The Fresh Loaf

News & Information for Amateur Bakers and Artisan Bread Enthusiasts

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aptk's picture
aptk

Flautas - Fried Stuffed Flour Tortillas

I'm still working on the pictures and instructions for a collage I posted earlier.

It had never occurred to me to try and capture the crumb of a flour tortilla! Ever!! So mostly what I have is a picture of the gooey, melted cheese that's on the inside.

And this particular batch is pork and green chile. Next time I make them, I'll do up a much better set of instructions!

Basically, its a stuffed generic flour tortilla that is deep fried. Any flour tortilla recipe will work, you have to use raw tortillas though, not the already cooked ones from the store. The fillings can be what ever you want, but my family likes meat, cheese and some kind of chile.

 

aptk's picture
aptk

Basic Sourdough White Bread

Before I go any further I want to talk for a minute about my sourdough starter. This is a very "wet" starter, and I measure by cup rather than by weight. It resembles the flour paste we used to make as kids.

Here's the basic recipe: 1 cup flour, 1 cup water, 1 packet yeast. Mix together and let it sit out on the cupboard until it develops a sour smell. Feed it half a cup of flour, and just short of a half a cup of water every day while it's sitting on the cupboard. When you get too much, dump about half of it out and feed it again. Once it's got an odor you like and it's nice and bubbly it's ready to use. When I'm not baking every day I keep it in the fridge and feed it every 4-5 days. Then when I'm ready to bake again I take it out, feed it and give it a day to come back to life. Next night I set the sponge for as much starter as I'm going to need and go from there.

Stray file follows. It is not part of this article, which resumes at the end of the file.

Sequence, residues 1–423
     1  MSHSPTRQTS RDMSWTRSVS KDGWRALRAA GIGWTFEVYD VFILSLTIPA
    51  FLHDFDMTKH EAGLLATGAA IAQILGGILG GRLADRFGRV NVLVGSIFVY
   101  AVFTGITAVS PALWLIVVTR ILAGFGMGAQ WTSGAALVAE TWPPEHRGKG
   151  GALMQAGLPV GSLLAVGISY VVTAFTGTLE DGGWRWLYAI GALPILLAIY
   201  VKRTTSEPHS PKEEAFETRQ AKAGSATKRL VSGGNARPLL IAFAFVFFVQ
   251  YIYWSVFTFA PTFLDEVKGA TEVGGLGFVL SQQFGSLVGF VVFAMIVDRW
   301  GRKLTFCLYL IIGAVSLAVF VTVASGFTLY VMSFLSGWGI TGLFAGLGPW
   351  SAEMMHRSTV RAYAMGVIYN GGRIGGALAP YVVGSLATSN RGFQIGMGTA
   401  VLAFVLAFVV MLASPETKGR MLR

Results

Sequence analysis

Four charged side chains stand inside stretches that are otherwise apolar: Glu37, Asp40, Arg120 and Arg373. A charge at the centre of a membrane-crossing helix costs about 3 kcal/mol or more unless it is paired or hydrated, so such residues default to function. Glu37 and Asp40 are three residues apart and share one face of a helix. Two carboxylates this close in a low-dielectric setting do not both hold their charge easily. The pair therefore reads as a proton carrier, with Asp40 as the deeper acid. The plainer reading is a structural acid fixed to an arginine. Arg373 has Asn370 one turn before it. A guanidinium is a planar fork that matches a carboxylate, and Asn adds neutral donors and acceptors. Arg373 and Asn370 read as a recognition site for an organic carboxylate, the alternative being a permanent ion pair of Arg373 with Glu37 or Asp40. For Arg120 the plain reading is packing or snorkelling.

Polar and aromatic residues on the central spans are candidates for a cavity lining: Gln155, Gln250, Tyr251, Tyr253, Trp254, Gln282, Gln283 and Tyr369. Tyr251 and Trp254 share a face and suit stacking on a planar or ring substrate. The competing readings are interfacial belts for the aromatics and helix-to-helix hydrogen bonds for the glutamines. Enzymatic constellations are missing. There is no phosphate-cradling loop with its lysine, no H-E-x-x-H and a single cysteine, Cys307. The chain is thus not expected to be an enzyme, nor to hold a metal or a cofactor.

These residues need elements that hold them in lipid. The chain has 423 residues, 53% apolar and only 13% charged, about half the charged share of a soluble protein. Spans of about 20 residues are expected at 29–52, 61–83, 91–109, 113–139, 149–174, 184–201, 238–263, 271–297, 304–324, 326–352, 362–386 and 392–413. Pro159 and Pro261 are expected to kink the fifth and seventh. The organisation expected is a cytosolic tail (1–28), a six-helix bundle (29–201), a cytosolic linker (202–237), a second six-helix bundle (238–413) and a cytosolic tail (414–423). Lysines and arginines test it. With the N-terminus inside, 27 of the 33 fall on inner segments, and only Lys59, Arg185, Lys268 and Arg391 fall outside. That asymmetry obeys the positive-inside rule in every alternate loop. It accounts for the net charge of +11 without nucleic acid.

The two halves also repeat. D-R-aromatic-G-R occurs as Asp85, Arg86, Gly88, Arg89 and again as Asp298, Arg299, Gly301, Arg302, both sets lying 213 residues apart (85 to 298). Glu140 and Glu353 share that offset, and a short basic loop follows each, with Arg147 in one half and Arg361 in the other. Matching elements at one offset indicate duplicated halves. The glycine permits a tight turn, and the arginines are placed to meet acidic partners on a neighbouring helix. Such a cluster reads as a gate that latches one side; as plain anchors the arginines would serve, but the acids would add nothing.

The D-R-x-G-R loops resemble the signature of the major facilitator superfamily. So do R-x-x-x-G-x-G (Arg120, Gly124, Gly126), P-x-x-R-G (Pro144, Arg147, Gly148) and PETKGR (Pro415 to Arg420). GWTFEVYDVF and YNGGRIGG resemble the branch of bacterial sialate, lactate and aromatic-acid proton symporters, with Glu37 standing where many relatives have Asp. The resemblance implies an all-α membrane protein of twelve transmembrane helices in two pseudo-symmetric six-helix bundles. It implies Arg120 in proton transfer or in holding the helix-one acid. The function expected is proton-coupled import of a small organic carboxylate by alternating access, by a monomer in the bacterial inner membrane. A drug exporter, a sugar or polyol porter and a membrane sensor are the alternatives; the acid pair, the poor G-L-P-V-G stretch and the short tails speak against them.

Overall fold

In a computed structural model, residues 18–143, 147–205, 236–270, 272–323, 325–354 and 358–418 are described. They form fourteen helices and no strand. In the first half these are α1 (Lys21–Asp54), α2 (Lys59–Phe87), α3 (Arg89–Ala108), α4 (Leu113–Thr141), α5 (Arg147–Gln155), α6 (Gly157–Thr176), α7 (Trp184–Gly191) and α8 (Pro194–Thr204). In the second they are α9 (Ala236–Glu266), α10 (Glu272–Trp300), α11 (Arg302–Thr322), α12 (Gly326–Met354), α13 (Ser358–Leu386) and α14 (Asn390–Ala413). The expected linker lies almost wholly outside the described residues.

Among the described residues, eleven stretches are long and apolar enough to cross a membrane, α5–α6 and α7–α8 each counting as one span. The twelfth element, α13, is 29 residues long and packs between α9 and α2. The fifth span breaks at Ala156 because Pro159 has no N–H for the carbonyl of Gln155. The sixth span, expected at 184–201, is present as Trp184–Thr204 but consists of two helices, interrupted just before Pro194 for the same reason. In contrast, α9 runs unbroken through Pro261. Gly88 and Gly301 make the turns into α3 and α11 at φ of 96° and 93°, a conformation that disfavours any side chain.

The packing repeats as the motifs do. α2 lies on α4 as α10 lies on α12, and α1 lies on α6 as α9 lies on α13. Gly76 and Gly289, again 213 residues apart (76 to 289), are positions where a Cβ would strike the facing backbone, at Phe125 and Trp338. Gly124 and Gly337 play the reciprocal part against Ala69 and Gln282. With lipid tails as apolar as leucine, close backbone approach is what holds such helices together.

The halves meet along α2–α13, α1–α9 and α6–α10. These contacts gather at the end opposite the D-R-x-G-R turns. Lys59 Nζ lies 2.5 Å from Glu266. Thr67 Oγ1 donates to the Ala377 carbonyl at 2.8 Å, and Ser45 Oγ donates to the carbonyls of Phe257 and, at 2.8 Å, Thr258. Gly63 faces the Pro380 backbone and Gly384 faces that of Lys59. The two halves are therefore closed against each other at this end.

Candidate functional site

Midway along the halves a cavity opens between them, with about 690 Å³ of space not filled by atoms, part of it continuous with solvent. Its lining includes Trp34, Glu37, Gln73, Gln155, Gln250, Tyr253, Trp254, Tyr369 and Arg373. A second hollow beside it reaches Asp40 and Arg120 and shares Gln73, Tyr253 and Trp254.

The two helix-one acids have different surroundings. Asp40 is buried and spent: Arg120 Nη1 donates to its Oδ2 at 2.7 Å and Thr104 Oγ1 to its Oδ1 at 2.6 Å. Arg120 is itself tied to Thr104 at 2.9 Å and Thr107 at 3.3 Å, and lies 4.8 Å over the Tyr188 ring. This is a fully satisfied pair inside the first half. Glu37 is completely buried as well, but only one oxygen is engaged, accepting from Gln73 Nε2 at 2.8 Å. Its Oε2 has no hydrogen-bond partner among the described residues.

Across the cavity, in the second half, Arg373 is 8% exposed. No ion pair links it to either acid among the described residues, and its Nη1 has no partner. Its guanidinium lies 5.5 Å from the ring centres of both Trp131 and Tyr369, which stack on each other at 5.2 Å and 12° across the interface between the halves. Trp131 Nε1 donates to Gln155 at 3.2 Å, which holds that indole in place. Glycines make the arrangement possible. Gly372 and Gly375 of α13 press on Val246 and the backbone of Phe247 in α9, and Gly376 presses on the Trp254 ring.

This makes a good sandwich bread, although the loaf shown has a couple of big bubbles which will make a mess if you're having peanut butter and jelly sandwiches!

aptk's picture
aptk

Dinner Rolls

I have been called out!! I posted a collage of some of my recent favorite breads, and was challenged to show my results. So I'm going to try it! I am also including the recipe I used. And if it's not one of my original throw things in bowl efforts, I will post a link.

The recipe included with these dinner rolls, is my most dependable basic white bread recipe. This will make one regular loaf of bread, or a dozen good size rolls. It shapes well too.

CoreyB's picture
CoreyB

How can I make my muffin recipe better?

I have this recipe I have tried and they are good texture but a little dry, they have some moisture but just dont taste like a dunken donuts or store bought muffin. Too bland dry. They have a little sweet taste to them but its not enough. Here is the recipe. They also have spots on the top that are nice and brown and there are the rising spaces in between that it seems its hardening on the top in places too fast. So its not equal.

2 cups all-purpose flour
1/2 cup sugar
1 tablespoon baking powder
1/2 teaspoon salt
1 mediun Egg
3/4 cup milk (I use 1/4 cup full cream)
1/3 cup vegetable oil
3/4 cup miniature semisweet chocolate chips

 

I preheat to 400 degrees and then drop to 350 after 3 minutes.

thanks for the help!